Living By Sweet Potatoes Alone

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“If the human being is viewed merely as a physiological object, it is impossible to produce a coherent understanding of diet. When bits and pieces of information are collected and brought together in confusion, the result is an imperfect diet which draws away from nature.” -Masanobu Fukuoka, “Living By Bread Alone”

 In an excerpt from his book The One-Straw Revolution titled “Living By Bread Alone”, Masanobu Fukuoka describes the nutritious fare of farmers past in the Japan area: rice, barley, miso, and pickled vegetables. “This diet gave long life, a strong constitution, and good health,” Fukuoka exalts (139). But a diet with four staple ingredients is very different from the Western relationship with food today, when we walk down grocery aisles that have not only a million options, but a million options for the same product. But while we have been raised on the values of full, varied grocery carts and eating a “well-balanced diet,” Fukuoka rejects this logic on the basis of two claims (140). Continue reading

“Hearty Soul Food:” Healthy Pan-Fried Grit-Cakes

“Rather than portray the complexity of this cuisine and its changes throughout the late 19th and 20th centuries, many writers played up its more exotic aspects (i.e., animal entrails) and simply famed the cuisine as a remnant of poverty-driven antebellum survival food.”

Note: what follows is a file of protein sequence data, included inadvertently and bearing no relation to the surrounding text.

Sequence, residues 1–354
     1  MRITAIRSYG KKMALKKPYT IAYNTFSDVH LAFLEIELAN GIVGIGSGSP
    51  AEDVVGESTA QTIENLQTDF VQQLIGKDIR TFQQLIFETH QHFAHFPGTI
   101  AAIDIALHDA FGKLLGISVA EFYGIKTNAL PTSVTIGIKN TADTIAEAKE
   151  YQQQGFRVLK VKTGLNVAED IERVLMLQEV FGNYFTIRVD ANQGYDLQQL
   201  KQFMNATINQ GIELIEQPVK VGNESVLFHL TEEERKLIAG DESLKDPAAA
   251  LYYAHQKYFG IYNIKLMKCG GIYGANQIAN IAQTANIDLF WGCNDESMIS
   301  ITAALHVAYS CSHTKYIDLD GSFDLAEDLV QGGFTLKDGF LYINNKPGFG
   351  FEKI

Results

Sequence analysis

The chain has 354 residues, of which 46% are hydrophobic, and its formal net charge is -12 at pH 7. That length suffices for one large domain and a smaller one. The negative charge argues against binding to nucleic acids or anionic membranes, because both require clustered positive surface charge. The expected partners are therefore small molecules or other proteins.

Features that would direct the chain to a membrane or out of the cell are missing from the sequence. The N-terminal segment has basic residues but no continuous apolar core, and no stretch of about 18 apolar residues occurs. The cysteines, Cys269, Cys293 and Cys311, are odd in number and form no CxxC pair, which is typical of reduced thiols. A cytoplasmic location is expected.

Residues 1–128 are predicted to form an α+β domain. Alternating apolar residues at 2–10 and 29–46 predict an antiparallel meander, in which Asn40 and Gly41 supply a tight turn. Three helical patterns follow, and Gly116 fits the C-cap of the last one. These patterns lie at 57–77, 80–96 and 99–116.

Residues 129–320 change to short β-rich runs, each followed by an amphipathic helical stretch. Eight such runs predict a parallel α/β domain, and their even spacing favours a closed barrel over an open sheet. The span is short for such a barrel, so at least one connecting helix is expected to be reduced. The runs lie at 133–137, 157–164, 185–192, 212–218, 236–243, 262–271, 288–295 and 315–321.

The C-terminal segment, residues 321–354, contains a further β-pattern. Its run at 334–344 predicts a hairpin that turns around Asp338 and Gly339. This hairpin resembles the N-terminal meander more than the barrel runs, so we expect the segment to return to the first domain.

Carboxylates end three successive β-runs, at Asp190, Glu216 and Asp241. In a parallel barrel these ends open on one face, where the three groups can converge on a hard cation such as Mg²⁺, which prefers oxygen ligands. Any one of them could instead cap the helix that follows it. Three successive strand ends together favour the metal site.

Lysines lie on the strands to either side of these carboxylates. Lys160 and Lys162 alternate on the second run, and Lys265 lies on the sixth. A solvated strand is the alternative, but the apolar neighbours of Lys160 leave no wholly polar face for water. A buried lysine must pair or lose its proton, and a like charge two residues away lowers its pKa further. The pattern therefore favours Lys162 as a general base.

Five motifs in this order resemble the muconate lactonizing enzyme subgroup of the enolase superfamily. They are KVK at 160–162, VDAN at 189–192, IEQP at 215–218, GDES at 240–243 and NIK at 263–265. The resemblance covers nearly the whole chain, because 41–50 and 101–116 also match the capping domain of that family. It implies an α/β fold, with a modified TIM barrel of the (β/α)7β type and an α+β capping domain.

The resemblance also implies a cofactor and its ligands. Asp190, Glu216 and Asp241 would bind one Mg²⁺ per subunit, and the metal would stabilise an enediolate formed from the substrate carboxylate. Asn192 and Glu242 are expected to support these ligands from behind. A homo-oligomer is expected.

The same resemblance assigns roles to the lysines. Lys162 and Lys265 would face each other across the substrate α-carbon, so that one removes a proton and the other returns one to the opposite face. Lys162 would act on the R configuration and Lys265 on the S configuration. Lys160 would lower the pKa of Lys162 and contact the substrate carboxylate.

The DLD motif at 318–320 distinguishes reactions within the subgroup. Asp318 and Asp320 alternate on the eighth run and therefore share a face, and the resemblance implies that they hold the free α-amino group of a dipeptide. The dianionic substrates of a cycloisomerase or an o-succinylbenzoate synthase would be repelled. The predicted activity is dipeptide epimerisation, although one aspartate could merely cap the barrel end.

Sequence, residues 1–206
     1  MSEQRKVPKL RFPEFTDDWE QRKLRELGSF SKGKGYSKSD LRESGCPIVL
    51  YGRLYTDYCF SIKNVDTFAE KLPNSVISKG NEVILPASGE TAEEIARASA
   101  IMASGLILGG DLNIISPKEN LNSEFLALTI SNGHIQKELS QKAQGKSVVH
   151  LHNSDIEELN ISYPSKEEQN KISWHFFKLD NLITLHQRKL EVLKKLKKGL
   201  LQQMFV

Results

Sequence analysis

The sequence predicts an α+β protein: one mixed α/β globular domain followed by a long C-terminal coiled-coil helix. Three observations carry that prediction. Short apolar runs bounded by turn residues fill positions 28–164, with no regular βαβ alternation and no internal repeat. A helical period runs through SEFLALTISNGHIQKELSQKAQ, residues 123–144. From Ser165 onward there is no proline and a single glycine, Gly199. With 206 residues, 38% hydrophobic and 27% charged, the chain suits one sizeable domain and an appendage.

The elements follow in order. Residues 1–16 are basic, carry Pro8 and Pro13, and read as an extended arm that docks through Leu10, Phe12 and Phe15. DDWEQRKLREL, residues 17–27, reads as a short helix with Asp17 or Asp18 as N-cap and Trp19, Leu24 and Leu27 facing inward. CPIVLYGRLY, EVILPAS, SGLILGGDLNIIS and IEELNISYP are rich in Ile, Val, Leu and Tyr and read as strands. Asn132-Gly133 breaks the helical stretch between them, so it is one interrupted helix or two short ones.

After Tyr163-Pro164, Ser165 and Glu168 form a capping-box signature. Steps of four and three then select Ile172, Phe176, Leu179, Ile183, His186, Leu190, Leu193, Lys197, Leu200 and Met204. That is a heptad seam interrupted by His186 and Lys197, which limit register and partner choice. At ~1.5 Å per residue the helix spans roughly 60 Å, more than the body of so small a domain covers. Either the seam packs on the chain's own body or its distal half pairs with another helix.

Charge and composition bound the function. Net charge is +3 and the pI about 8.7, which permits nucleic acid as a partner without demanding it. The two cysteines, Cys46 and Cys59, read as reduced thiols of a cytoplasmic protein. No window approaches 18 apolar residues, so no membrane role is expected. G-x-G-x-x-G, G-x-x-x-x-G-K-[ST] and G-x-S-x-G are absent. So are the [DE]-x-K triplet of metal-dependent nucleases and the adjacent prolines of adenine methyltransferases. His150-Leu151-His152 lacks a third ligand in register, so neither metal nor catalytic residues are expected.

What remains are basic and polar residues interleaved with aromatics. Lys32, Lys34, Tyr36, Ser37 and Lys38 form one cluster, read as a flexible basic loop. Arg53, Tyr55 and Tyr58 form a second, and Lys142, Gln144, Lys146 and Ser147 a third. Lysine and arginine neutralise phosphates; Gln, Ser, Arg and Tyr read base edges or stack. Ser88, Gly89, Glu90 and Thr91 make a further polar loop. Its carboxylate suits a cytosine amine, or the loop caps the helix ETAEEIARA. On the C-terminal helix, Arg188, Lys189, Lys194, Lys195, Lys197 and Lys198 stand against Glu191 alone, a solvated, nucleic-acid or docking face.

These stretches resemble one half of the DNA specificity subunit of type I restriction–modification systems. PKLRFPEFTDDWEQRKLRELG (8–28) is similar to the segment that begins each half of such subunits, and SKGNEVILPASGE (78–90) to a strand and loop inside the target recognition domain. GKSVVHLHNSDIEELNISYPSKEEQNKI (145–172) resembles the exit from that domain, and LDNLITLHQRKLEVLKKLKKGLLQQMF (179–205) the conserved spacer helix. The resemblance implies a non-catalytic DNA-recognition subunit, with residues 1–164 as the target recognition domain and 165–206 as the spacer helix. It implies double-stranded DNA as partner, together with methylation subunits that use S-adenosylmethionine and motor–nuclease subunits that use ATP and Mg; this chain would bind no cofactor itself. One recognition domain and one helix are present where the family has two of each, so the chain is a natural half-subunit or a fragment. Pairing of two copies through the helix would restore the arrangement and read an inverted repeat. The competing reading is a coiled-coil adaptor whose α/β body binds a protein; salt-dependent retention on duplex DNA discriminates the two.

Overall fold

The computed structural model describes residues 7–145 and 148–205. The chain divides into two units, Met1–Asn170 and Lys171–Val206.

Bryant Terry

grit cakes

In Bryant Terry’s article “Reclaiming True Grits,” he claims that, in the past several decades, soul food has become synonymous with comfort food—fried chicken glistening with grease; starchy, creamy macaroni and cheese; and, of course, grits, typically instant—and many in the African American community are suffering for it. However, this soul food, the sort romanticized by food writers, is not the soul food of tradition, but what Terry calls “instant soul food” and “a dishonest representation of African American cuisine.” It’s the food you find on a Cracker Barrel plate, not a traditional Southern meal. Continue reading